Storage in a Changing World

I have been very remiss is posting, very caught up in work, trips to wine country and changing personal technologies (new Mac, extending use of iPad, selling my MN house, etc).

I almost missed David Black’s “KISS Principle” posting:


David expounds on a view of storage architecture and management that balks in the face of present day storage, er, software, wait, no, storage companies architecture, a more “frameless” context of storage. Net-net, historically storage was just that, a place to store your bits, then came RAID (I remember an IT Manager who came to me in, 1989 I think, and said he needed to get that “RAID” thing, because his boss asked why he didn’t have it), after which vendors started building out arrays, aka, the “SAN” area begins. Now, all those “storage” vendors, are stating that they are no longer storage vendors, they are software vendors.

This frameless architecture removes those overloaded, bottlenecking, legacy controllers, streamlines the datapath, making storage integration easier and giving the applications control of the storage resources and returning storage to it’s rightful role, storing data (and, mind you, letting those storage vendors actually focus on doing that right, once again).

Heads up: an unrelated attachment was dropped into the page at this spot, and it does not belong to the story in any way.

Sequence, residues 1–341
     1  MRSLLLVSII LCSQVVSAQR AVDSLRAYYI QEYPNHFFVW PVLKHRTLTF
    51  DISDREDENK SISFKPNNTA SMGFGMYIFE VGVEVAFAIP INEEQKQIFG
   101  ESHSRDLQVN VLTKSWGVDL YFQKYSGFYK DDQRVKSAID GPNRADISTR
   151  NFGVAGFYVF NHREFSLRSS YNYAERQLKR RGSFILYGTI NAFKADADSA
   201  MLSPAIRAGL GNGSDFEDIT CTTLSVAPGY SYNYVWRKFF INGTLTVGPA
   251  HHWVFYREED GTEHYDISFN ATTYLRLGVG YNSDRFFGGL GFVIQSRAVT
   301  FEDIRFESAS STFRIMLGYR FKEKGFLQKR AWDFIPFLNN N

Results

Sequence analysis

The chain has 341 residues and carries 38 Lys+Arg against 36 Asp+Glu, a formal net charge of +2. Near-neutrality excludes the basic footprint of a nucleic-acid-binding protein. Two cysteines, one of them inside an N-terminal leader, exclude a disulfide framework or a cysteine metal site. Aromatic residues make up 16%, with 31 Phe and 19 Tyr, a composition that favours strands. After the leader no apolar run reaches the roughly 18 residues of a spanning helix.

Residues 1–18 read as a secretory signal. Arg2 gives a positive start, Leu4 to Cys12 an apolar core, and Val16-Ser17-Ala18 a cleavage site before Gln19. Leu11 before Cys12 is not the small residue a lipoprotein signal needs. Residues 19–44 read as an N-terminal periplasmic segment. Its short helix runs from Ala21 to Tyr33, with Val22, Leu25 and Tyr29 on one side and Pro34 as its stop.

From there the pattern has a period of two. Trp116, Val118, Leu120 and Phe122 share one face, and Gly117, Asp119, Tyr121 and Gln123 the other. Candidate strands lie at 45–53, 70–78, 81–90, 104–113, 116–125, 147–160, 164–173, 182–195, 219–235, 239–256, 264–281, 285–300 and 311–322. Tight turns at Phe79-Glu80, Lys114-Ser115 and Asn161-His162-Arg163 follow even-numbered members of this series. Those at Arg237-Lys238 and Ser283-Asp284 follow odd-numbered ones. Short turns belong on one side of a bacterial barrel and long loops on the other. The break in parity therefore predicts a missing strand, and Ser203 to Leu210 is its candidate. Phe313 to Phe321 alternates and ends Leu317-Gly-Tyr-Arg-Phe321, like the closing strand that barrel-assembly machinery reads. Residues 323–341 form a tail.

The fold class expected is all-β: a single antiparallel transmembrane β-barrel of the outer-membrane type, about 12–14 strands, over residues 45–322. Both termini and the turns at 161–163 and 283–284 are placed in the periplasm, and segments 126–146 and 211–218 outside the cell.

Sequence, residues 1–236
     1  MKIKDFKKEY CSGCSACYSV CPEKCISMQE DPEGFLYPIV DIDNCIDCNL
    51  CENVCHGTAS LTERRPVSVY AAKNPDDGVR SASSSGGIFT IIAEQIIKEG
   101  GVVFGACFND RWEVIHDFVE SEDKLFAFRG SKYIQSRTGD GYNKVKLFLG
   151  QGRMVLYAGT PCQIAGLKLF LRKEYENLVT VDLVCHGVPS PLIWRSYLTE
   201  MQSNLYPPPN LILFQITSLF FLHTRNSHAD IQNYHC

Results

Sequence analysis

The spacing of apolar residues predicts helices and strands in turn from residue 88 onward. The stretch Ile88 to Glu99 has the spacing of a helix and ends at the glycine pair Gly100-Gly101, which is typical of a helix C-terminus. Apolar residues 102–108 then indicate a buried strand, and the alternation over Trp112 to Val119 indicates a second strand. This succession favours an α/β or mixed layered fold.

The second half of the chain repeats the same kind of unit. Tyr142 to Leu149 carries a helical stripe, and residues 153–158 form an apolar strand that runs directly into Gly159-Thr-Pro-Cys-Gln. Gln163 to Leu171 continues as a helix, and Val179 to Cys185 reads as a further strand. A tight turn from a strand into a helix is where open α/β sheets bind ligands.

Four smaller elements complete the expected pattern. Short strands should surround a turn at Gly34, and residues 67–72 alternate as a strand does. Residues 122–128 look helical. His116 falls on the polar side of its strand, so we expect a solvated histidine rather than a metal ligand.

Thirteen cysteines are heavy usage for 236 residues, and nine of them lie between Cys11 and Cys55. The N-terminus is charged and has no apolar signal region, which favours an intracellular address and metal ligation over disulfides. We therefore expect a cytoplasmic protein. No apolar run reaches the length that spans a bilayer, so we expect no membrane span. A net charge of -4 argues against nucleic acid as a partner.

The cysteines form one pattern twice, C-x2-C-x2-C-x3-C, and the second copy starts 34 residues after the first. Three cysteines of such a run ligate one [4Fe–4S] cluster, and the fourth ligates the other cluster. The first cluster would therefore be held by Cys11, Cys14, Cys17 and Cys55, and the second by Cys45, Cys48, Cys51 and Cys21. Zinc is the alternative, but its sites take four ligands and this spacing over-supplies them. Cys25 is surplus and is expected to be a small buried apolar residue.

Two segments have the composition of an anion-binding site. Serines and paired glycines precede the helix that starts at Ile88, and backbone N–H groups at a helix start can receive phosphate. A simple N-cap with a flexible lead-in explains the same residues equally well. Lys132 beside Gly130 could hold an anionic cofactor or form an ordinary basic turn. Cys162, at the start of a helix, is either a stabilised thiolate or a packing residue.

Storagewonk expounds greatly on this in his article over a year ago “Store, Move, Protect – The Fundamentals of Storage”:


The reality is that is an era when storage vendors are no longer storage vendors, and just using the same CRAP that every other “software” vendor is using, their differentiator is in software capabilities, capabilities that have, quite ironically, found their way into the hypervisors, OS’s and applications of the world.

Whether you want thin provisioning, replication, CDP; some of the many “features” that these software vendors have focused on and grown strong, those are finding their way into the core software of the world and in most cases with more consistency and data protection that the overblown “software” companies products provide.

The real question is where do you want the feature applied and how many times do you want to pay for them. The XIO answer, put the feature closest to the application, where it can do the most good and give the most bang for the buck, and let the storage vendors focus on doing what they “should” be doing, finding ways to deliver your bits the fastest they can and protecting that data the best it can.


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